The Persian Gulf crisis with Qatar that erupted on June 5 reached a stalemate. So far, attempts to resolve it have been characterized by internal descent, mixed messaging and amateurish maneuvering — and that only describes the U.S. response. Indeed, the task of diplomacy rests primarily on the State Department’s shoulders, and if past performance is indicative of future results, there are many reasons to be concerned.
After a few days of shuttle diplomacy in the region, Secretary of State Rex Tillerson described his chief accomplishment as having achieved “a changed sense of willingness to at least be open to talking to one another and that was not the case before I came." To be sure, that answer is the diplomatic equivalent to sporting a tourist shirt that reads, “I flew between multiple Gulf capitals and all I got was this lousy t-shirt.”
The diplomatic storm threatens to rupture the Gulf Cooperation Council (GCC), which has been a relative beacon of stability in a region where the turbulent waters are often tested and where several vital American interests intersect.
In May, a few weeks after Trump delivered his highly anticipated speech in Riyadh, the battle lines were drawn. Among the six GCC states, Saudi Arabia, the United Arab Emirates (UAE) and Bahrain are pitted against Qatar. Kuwait is attempting to mediate, while Oman is doing its best impression of former FBI Director James Comey trying to blend into the White House curtains to avoid detection.
Hassan Hassan, senior fellow at the Tahrir Institute for Middle East Policy and co-author of "ISIS: Inside the Army of Terror," further characterized the divide between the two camps as “one that seeks to advance its foreign interests through the support of Islamists and one whose foreign policy is guided by opposition to the rise of Islamists.” Turkey and Iran have thrown in with the Islamist-supporting side, while most in the region, including Egypt, are backing the Saudi-led bloc.
Unfortunately, President Trump and Secretary Tillerson have been supporting different sides in the dispute. The president made the right choice by backing the Saudi-led bloc, while the secretary is buttressing Qatar. Obviously, that presents a host of problems, not the least of which is insubordination, as one outranks the other.
As President George W. Bush once said, “I’m the decider,” in reference to the fate of his embattled defense secretary, Donald Rumsfeld. So too is President Trump the decider on the direction of foreign policy and the cabinet he keeps. Secretary Tillerson’s approach not only represents a poor choice in policy but the mixed messaging that comes as a result creates several knock-on effects, none of which are helpful.
The first of which is that it could lead the negotiations to a state of paralysis because Qatar will believe it can expect a different or better American response. Or, it can lead to a place where the U.S. is negotiating against itself and complicating matters, while looking foolish in the process.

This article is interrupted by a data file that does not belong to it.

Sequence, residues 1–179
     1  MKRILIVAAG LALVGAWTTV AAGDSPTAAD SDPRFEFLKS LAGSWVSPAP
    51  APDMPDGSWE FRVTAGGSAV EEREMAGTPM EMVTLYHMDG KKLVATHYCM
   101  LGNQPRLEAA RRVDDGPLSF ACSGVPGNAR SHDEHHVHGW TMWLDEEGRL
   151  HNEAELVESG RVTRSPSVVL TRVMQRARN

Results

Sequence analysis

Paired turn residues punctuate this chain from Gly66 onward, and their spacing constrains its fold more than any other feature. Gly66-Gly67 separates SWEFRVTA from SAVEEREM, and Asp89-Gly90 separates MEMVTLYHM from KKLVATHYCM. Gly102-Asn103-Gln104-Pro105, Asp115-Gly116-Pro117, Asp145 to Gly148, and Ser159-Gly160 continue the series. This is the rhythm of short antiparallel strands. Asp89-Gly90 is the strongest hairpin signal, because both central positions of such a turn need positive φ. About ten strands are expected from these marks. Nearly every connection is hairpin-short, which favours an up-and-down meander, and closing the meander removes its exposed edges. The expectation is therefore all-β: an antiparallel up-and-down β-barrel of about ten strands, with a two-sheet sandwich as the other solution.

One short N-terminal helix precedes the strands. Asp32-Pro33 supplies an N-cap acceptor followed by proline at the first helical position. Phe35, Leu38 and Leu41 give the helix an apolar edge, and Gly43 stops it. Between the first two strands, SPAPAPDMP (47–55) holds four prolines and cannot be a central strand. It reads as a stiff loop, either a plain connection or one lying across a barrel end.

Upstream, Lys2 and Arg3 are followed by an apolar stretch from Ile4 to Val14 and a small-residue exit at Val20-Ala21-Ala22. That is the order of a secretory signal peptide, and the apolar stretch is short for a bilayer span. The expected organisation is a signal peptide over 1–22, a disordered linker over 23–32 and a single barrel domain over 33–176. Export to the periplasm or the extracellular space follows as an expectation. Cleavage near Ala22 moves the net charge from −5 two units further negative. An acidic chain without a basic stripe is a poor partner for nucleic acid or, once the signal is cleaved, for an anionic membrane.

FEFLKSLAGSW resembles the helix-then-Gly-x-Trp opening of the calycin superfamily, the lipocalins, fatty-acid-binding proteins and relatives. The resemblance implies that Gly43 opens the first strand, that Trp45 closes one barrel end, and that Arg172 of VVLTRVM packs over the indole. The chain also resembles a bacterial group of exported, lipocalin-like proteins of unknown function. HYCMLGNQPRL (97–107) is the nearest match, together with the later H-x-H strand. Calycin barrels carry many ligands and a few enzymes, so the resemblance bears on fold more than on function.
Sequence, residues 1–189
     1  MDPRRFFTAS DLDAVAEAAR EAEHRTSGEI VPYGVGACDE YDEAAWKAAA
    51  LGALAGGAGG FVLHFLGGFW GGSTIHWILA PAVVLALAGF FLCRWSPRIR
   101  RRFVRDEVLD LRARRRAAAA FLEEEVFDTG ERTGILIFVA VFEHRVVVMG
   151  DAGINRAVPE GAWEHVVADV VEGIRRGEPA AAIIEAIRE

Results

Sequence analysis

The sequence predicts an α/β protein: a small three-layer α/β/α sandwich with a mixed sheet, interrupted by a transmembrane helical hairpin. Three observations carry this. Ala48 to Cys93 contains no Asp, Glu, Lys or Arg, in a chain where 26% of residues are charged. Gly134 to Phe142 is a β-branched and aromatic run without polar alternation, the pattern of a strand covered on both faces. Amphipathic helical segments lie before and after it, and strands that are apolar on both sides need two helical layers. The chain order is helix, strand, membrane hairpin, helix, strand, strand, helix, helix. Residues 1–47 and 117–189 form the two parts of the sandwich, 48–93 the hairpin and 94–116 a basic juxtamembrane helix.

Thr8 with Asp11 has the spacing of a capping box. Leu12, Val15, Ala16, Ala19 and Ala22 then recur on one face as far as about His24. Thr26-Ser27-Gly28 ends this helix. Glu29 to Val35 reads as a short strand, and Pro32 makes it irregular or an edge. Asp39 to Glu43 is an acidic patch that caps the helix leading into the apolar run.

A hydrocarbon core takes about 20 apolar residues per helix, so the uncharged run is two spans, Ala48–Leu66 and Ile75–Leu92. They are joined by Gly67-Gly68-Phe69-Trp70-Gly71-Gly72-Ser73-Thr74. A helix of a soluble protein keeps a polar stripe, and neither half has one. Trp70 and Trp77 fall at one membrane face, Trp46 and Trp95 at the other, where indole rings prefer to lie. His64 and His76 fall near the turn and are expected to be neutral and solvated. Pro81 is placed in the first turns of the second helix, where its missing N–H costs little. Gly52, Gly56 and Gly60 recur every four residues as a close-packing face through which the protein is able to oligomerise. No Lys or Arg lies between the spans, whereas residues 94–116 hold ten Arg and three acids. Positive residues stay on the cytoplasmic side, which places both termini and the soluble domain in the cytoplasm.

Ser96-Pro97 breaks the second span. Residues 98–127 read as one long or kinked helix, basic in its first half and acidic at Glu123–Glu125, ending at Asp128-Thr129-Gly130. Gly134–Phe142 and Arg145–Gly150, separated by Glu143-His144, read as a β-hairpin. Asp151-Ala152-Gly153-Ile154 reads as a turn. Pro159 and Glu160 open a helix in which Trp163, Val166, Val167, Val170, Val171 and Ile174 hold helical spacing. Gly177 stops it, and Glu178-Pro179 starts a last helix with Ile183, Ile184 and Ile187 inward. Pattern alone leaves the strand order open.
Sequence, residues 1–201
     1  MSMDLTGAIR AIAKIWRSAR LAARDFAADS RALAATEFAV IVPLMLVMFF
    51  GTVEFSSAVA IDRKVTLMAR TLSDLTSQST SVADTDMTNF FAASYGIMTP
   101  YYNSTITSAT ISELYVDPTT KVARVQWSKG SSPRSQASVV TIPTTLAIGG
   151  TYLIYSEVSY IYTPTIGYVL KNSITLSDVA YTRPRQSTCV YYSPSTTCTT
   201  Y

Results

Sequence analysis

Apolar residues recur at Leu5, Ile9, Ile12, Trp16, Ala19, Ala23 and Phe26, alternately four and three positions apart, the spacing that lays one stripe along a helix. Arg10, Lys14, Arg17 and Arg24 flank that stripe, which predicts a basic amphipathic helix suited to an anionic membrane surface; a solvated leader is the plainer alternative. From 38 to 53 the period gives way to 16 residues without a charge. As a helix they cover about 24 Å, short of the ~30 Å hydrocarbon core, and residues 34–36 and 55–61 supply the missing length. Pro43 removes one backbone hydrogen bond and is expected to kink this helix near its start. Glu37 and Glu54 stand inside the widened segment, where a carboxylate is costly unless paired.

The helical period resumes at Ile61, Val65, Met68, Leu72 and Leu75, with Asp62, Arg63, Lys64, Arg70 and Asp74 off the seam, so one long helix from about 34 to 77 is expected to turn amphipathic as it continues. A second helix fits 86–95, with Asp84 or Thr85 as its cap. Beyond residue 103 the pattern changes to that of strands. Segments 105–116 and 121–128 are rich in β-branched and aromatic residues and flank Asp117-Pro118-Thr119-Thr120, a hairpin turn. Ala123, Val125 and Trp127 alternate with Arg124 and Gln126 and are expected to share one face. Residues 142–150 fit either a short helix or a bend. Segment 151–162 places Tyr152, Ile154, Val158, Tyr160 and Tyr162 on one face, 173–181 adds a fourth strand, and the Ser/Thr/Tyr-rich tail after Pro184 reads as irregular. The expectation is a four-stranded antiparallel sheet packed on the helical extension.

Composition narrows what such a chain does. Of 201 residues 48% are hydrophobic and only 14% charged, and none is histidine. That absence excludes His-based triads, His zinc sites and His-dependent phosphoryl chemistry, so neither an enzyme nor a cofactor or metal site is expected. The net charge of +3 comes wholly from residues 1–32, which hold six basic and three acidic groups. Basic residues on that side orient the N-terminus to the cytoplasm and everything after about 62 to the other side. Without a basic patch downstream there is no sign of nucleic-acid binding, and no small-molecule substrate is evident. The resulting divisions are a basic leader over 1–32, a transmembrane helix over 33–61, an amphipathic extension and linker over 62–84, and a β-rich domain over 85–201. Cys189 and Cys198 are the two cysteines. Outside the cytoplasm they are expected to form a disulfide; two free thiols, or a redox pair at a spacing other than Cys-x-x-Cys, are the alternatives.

An even worse impact can be anticipated in that it encourages the type of regional adventurism that President Trump seeks to change. As Bret Stephens wrote in his book, "America in Retreat," “Influence, like power, abhors a vacuum.” The Obama years can be characterized by a retreat from the Middle East in favor of boosting Iran at the expense of America’s traditional allies.
The absence of leadership and influence led friend and foe alike to freelance in foreign policy on matters critically important to U.S. national security. That seldom turns out well for the United States.
“The core purpose of Pax Americana isn’t merely to deter our adversaries,” wrote Stephens, “It is to make sure that our allies are not tempted to take matters into their own hands when they feel their security is at stake.”
President Trump’s speech in Riyadh was a reassertion of U.S. influence, a reaffirmation of American leadership and a call to collective action. The Tillerson approach, however, could sow the kind of doubt among allies that leads to more freelancing. That encourages the type of revisionist behavior that Qatar, Turkey and Iran are currently engaged in.
A senior White House official recently told me, “It’s not an accident we have two Marines in the Cabinet from the same Marine Corps division. And that division’s motto is, ‘No better friend; No worse enemy.'” He paused thoughtfully before continuing. “That’s a pretty good motto for the administration. If you want to be our friend then you can be our friend. If you’re going to mess with us and undermine our interests, you will pay a price.”
That seems to closely reflect the president’s thinking. For the sake of U.S. interests in the Middle East and beyond, one should hope the State Department quickly learns to reflect that as well.
Matthew RJ Brodsky is a senior fellow at the Security Studies Group, a Washington, D.C.-based think tank that seeks to educate and empower Beltway decision-makers on key national security issues through concise and factual data. He is a senior Middle East analyst at Wikistrat, a geostrategic analysis and business consultancy that operates a global network of over 2,000 subject-matter experts. Brodsky is also a former director of policy at the Jewish Policy Center, a conservative think tank with close ties to the Republican Jewish Coalition. He can be followed on Twitter @RJBrodsky.
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